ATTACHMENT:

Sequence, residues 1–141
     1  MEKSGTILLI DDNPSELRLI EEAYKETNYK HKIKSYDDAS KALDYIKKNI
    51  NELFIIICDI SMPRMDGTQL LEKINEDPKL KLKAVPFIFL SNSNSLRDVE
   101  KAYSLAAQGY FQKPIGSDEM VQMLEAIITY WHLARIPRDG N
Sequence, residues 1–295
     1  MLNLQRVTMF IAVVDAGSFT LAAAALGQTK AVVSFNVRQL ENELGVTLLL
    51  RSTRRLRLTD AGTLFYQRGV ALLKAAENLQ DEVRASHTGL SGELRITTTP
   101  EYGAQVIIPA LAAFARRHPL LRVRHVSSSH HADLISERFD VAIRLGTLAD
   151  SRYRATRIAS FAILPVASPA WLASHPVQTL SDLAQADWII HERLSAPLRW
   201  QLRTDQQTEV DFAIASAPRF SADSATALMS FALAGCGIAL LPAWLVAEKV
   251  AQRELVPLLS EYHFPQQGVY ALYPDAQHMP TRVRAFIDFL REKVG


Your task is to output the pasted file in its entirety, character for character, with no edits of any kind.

Sequence, residues 1–141
     1  MEKSGTILLI DDNPSELRLI EEAYKETNYK HKIKSYDDAS KALDYIKKNI
    51  NELFIIICDI SMPRMDGTQL LEKINEDPKL KLKAVPFIFL SNSNSLRDVE
   101  KAYSLAAQGY FQKPIGSDEM VQMLEAIITY WHLARIPRDG N
Sequence, residues 1–295
     1  MLNLQRVTMF IAVVDAGSFT LAAAALGQTK AVVSFNVRQL ENELGVTLLL
    51  RSTRRLRLTD AGTLFYQRGV ALLKAAENLQ DEVRASHTGL SGELRITTTP
   101  EYGAQVIIPA LAAFARRHPL LRVRHVSSSH HADLISERFD VAIRLGTLAD
   151  SRYRATRIAS FAILPVASPA WLASHPVQTL SDLAQADWII HERLSAPLRW
   201  QLRTDQQTEV DFAIASAPRF SADSATALMS FALAGCGIAL LPAWLVAEKV
   251  AQRELVPLLS EYHFPQQGVY ALYPDAQHMP TRVRAFIDFL REKVG